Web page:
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Accept Uhuru win before dialogue, Jubilee tells Raila

By Standard Team | Published Mon, February 12th 2018 at 00:00, Updated February 11th 2018 at 22:52 GMT +3
National Assembly Majority Leader Aden Duale and Mumias East MP Benjamin Washiali at a past press conference on 23/01/18. [Photo: Boniface Okendo, Standard]

Jubilee Party leaders have welcomed remarks by foreign envoys that Opposition chief Raila Odinga should recognise Uhuru Kenyatta as the legitimately elected president of Kenya.

Eleven ambassadors yesterday asked Raila to accept the election of Uhuru and his deputy William Ruto as a legal expression of the people’s will before dialogue can take place.

United States Ambassador to Kenya Robert Godec, together with ambassadors Jutta Frasch (Germany), Alison Chartres (Australia) Sara Hradecky (Canada), Mette Knudsen (Denmark), Anna Jardfelt (Sweden), Victor Conrad Rønneberg (Norway), Frans Makken (Netherlands), Tarja Fernández (Finland), Kim Ramoneda (chargé d’affaires, France) and Nic Hailey (United Kingdom) accused both Jubilee and the National Super Alliance (NASA) of undermining independent institutions as well as pushing the country to the brink of anarchy.

“The Opposition needs to accept that Uhuru Kenyatta and William Ruto are the legitimate President and Deputy President of Kenya as the basis for the dialogue that it and many Kenyans want. Stoking and threatening violence is not acceptable, nor are extra-constitutional measures to seize power,” said the envoys in a statement.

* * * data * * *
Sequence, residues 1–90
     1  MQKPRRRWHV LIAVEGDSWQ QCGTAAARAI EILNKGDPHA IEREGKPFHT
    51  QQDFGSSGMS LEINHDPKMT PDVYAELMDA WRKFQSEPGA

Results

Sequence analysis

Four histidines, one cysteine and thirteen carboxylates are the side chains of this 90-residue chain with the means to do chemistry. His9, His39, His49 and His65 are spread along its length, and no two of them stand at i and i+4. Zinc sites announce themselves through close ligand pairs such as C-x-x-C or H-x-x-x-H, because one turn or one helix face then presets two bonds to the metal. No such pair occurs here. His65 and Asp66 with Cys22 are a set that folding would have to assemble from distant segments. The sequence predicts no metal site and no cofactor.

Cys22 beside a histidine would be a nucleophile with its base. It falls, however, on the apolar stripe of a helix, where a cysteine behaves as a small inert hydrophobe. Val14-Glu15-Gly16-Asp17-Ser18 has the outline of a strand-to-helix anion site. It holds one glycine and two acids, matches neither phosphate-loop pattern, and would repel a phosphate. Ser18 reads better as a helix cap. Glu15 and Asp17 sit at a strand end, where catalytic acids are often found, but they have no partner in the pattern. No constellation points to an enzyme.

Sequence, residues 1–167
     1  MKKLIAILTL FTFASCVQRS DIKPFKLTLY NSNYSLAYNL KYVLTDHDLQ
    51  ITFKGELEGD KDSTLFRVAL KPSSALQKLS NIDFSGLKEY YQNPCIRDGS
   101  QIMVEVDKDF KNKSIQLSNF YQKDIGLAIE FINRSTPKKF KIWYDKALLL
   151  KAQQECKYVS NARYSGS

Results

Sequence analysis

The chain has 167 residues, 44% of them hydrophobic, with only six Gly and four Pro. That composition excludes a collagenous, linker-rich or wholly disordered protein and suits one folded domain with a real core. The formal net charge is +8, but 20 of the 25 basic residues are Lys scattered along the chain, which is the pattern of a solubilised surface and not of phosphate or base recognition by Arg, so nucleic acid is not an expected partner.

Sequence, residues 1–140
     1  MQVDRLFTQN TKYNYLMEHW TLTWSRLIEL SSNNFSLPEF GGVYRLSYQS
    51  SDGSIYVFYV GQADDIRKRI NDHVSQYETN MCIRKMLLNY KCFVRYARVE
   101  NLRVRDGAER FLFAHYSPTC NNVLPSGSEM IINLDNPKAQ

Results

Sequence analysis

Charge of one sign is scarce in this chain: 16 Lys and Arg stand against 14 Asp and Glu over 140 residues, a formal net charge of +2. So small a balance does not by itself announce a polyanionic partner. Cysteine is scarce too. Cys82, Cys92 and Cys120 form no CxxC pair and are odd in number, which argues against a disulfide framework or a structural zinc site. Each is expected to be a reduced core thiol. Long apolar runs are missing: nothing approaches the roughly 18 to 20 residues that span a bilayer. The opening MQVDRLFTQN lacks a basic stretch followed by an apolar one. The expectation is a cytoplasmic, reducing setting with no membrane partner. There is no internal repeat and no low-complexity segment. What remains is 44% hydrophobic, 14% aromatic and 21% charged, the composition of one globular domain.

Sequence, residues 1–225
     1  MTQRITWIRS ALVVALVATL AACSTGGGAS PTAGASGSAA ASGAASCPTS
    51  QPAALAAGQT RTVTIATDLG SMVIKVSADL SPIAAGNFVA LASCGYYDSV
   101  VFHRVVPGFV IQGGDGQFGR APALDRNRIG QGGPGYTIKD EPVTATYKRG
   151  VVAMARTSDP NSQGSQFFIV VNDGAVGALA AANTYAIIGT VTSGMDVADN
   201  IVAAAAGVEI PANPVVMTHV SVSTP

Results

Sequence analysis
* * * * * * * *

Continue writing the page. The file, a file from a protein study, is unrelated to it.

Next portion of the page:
Jubilee Party Secretary General Raphael Tuju, National Assembly Leader of Majority Aden Duale and Justice and Legal Affairs Committee Chairman William Cheptumo said the envoys' demands confirmed there was no place for the 'people’s president'.

Mr Duale also ruled out any talks on electoral justice, stating the only engagement Jubilee was ready to have with the Opposition was how to develop the country.

“Our engagement can only be about development. On this parameter we are ready to engage our colleagues from the Opposition," he said. "If they want electoral reforms they can introduce some amendments and bring them to Parliament. The President has nothing to do with electoral changes."

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Mr Ruto's spokesman David Mugonyi reiterated that governments drew legitimacy from the people and their Constitution.

"Not the Opposition; never the Opposition. The idea that a government needs Opposition recognition is absurd, perverse and illegitimate," said Mr Mugonyi.

"The will of the people and the instruments of power as laid out in our supreme law are enough. Facts and reality cannot be changed by individuals' opinions. President Uhuru Kenyatta was elected by the people."

Kieni MP Kanini Kega said Raila had no choice in the matter as he could not call for dialogue with a leader he did not recognise.

"There is no debate about it. If you go to the doctor, the healing process starts when you accept you are sick, failure to which no treatment will work. Therefore, Odinga has no choice but to recognise President Uhuru,” said Mr Kega.

Mathioya MP Peter Kimari said Raila ought to accept the will of the people, stop creating political side-shows and support Uhuru in developing the nation.

“Raila should be participating in national development and positively criticising the Government instead of being sworn as the 'people’s president', a position that does not exist in the Constitution,” said the Jubilee lawmaker.

Nyeri Town MP Ngunjiri Wambugu also backed the envoys' stand.

“The only way the country can be unified is if we accept the reality we are living in now. Kenyatta is the President and William Ruto is his deputy, and they were legally elected and sworn into office,” he said.

Meru Deputy Governor Titus Ntuchiu and MPs Maoka Maore and Rahim Dawood also threw their weight behind the emissaries.

Ntuchiu said the envoys had done well to ask Raila to first accept he had lost a chance to participate in the October 26 presidential election.

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